find probability

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• Jun 11th 2008, 08:54 AM
cowgirl123
find probability
I have a probability problem where probability of neither A nor B is 35%. 30% is A and 40% is B. How do i find the probability of both A and B?

Also, where can i review how to do probability and stats like this?
Please dont leave the answer.. I need to try to figure this out, thanks!
• Jun 11th 2008, 08:59 AM
Isomorphism
Quote:

Originally Posted by cowgirl123
I have a probability problem where probability of neither A nor B is 35%. 30% is A and 40% is B. How do i find the probability of both A and B?

Also, where can i review how to do probability and stats like this?
Please dont leave the answer.. I need to try to figure this out, thanks!

Hint: $P(\overline{A} \cap \overline{B}) = P(\overline{A \cup B}) = 1 - P(A \cup B)$
• Jun 11th 2008, 09:06 AM
cowgirl123
Is the answer .12? Or is this wrong?
• Jun 11th 2008, 09:12 AM
Isomorphism
Quote:

Originally Posted by cowgirl123
Is the answer .12? Or is this wrong?

Its wrong... Show us your work and we will tell your mistake. I can give you the solution but it may not help you a lot. I will give you a new hint.

Hint:

$P(\overline{A} \cap \overline{B}) = 1 - P(A \cup B) = 1 - (P(A) + P(B) - P(A \cap B))$
• Jun 11th 2008, 09:24 AM
cowgirl123
Quote:

Originally Posted by Isomorphism
Its wrong... Show us your work and we will tell your mistake. I can give you the solution but it may not help you a lot. I will give you a new hint.

Hint:

$P(\overline{A} \cap \overline{B}) = 1 - P(A \cup B) = 1 - (P(A) + P(B) - P(A \cap B))$

I think my problem is not knowing what exactly to do with the unions and intersections. I thought the intersection sign meant to multiply the numbers.. But i dont think this is right. Bc i end up with

$1 - P(A \cup B) = 1 - (.3 + .4 - (.3 * .4)) = 1 - (.7 - .12) = 1 - .58 = .42$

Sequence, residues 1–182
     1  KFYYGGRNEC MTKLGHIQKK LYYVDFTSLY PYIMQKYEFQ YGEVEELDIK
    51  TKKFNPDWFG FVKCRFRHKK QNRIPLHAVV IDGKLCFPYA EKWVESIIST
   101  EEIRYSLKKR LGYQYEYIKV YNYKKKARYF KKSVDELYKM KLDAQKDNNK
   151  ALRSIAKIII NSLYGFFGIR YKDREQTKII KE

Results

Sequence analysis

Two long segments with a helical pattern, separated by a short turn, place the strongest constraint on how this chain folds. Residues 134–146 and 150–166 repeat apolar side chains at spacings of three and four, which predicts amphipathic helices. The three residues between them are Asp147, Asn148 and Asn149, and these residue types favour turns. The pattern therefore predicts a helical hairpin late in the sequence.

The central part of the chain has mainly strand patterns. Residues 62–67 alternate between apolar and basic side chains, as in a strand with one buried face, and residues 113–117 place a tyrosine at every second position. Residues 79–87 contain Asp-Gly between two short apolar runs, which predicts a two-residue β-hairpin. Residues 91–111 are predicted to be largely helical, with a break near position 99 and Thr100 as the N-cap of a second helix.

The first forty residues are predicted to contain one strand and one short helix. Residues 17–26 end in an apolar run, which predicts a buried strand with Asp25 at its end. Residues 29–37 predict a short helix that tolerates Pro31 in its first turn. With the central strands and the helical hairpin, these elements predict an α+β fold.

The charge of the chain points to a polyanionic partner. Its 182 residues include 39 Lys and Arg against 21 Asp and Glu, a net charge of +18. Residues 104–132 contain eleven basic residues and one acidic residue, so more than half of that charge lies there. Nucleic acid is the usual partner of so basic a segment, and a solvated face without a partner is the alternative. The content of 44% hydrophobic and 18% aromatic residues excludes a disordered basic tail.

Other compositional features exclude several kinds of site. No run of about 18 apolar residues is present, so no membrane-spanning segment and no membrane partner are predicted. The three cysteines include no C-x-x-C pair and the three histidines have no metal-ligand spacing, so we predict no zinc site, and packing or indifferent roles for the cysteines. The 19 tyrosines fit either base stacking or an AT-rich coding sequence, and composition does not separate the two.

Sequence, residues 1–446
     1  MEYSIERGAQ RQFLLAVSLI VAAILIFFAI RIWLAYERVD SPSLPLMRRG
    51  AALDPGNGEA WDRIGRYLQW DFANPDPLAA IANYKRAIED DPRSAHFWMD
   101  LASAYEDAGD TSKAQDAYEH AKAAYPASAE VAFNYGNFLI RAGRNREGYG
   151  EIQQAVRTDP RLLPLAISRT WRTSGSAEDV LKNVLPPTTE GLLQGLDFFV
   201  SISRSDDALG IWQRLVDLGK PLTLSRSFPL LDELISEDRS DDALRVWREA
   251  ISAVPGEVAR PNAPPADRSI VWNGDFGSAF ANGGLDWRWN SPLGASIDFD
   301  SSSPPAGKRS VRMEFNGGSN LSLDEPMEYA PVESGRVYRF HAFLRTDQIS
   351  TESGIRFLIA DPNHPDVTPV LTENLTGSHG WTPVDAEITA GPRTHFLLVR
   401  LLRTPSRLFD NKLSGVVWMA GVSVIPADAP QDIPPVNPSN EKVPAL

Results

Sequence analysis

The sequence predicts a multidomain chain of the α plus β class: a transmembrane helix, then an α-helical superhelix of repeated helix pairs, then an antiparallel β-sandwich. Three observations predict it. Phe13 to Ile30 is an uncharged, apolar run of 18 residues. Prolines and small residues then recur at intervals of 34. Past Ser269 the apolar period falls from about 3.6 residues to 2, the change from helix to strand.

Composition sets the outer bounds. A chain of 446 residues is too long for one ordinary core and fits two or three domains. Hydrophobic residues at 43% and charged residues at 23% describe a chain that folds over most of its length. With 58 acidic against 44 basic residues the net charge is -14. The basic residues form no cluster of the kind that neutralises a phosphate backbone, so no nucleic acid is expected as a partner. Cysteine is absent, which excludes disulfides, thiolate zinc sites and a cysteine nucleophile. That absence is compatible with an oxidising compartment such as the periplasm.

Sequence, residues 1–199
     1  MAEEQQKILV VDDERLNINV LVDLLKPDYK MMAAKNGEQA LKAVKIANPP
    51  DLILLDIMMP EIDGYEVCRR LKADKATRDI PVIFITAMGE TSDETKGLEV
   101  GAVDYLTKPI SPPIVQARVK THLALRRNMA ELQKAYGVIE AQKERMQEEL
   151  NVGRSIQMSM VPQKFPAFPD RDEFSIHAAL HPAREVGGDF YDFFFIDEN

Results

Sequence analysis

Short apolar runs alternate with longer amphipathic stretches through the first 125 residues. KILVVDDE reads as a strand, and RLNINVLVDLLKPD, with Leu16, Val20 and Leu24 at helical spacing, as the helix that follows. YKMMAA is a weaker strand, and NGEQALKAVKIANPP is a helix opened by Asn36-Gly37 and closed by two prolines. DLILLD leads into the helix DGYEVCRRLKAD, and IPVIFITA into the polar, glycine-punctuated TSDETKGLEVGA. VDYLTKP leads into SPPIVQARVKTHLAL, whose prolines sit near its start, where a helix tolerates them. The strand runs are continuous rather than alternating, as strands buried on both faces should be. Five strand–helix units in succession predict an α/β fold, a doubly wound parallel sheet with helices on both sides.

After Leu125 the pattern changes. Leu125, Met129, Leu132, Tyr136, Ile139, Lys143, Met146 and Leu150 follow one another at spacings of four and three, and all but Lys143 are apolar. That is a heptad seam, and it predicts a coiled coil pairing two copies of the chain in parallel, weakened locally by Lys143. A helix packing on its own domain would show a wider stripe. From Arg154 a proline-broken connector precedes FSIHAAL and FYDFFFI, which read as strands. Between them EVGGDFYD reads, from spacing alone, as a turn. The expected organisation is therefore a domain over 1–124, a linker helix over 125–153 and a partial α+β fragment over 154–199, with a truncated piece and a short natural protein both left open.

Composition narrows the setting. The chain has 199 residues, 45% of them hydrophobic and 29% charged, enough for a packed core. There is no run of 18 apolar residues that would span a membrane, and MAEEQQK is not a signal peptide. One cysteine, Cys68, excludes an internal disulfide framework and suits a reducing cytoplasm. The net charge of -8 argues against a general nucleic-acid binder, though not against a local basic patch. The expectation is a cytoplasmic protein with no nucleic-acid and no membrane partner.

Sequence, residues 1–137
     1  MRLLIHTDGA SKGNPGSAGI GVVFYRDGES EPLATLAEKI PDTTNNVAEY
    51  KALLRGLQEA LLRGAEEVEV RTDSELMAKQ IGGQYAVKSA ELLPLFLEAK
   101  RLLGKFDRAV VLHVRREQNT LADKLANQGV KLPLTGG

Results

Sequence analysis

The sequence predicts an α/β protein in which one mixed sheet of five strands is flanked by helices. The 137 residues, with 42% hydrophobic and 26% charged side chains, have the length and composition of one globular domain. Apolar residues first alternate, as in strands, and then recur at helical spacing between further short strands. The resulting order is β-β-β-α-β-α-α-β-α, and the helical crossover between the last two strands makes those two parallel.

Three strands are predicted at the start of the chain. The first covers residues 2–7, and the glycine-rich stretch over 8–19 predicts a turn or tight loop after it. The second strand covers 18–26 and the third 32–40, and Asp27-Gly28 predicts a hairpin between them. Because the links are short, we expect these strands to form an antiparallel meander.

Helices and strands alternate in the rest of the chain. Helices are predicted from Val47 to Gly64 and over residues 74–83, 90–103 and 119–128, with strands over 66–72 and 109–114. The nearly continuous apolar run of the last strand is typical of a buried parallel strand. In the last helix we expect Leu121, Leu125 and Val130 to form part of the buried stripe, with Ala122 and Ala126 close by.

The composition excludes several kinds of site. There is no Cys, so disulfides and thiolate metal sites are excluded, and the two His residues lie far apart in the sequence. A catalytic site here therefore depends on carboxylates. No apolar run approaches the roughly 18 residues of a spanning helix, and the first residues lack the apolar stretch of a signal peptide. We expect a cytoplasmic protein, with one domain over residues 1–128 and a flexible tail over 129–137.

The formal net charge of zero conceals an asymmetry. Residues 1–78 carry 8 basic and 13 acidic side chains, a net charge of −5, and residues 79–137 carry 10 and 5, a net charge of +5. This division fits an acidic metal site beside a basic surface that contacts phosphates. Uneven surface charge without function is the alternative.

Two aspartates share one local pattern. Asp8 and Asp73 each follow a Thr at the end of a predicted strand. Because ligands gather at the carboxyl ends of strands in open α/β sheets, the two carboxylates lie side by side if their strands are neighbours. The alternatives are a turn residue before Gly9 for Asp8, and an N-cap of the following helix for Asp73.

• Jun 11th 2008, 09:30 AM
Isomorphism
Quote:

Originally Posted by cowgirl123
I think my problem is not knowing what exactly to do with the unions and intersections. I thought the intersection sign meant to multiply the numbers.. But i dont think this is right. Bc i end up with

$1 - P(A \cup B) = 1 - (.3 + .4 - (.3 * .4)) = 1 - (.7 - .12) = 1 - .58 = .42$

What you are thinking is wrong generally. Only for the specific case of A and B being independent events, we can multiply probabilities...

"probability of neither A nor B is 35%" $\Rightarrow P(\overline{A} \cap \overline{B})$
We want the "probability of both A and B" $\Rightarrow P(A \cap B)$

$P(\overline{A} \cap \overline{B}) = 1 - (P(A) + P(B) - P(A \cap B)) \Rightarrow P(A \cap B) = P(\overline{A} \cap \overline{B}) + P(A) + P(B) - 1$

$P(A \cap B) = P(\overline{A} \cap \overline{B}) + P(A) + P(B) - 1 \Rightarrow P(A \cap B) = 0.35 + 0.3 + 0.4 - 1 = 0.05$
• Jun 11th 2008, 09:36 AM
cowgirl123
.05?
Could you give me the list of...rules.. for things like this? I have a lot to learn.. and i cant find a set of things to do for certain problems.

$.35 + .3 + .4 - 1 = .35 + .7 - 1 = 1.05 - 1 = .05$
• Jun 11th 2008, 10:01 AM
Isomorphism
Quote:

Originally Posted by cowgirl123
.05?
Could you give me the list of...rules.. for things like this? I have a lot to learn.. and i cant find a set of things to do for certain problems.

$.35 + .3 + .4 - 1 = .35 + .7 - 1 = 1.05 - 1 = .05$

Dont you have a text book? I can suggest a plan though... First learn basic set theory. Intersection, Compliments, DeMorgans Laws, Unions, Venn Diagrams etc. Then try learning probability :)
• Jun 11th 2008, 03:40 PM
mr fantastic
Quote:

Originally Posted by cowgirl123
I have a probability problem where probability of neither A nor B is 35%. 30% is A and 40% is B. How do i find the probability of both A and B?

Also, where can i review how to do probability and stats like this?
Please dont leave the answer.. I need to try to figure this out, thanks!

I'd suggest drawing a Karnaugh Table:

$\, \begin{tabular}{l | c | c | c} & A & A\, ' & \\ \hline B & & & 0.4 \\ \hline B\, ' & & 0.35 & \\ \hline & 0.3 & & 1 \\ \end{tabular}
$

Fill in the blank cells (just like a sudoko puzzle). Then add up the probabilities in the cells that relate to your question.
• Jun 16th 2008, 07:26 AM
cowgirl123
Quote:

Originally Posted by mr fantastic
I'd suggest drawing a Karnaugh Table:

$\, \begin{tabular}{l | c | c | c} & A & A\, ' & \\ \hline B & & & 0.4 \\ \hline B\, ' & & 0.35 & \\ \hline & 0.3 & & 1 \\ \end{tabular}
$

Fill in the blank cells (just like a sudoko puzzle). Then add up the probabilities in the cells that relate to your question.

I've never done sudoko.. are the columns and rows supposed to add up to the same number? And do you just have to start guessing numbers until it works?
• Jun 16th 2008, 07:17 PM
mr fantastic
Quote:

Originally Posted by cowgirl123
I've never done sudoko.. are the columns and rows supposed to add up to the same number? And do you just have to start guessing numbers until it works?

Read this thread: http://www.mathhelpforum.com/math-he...y-problem.html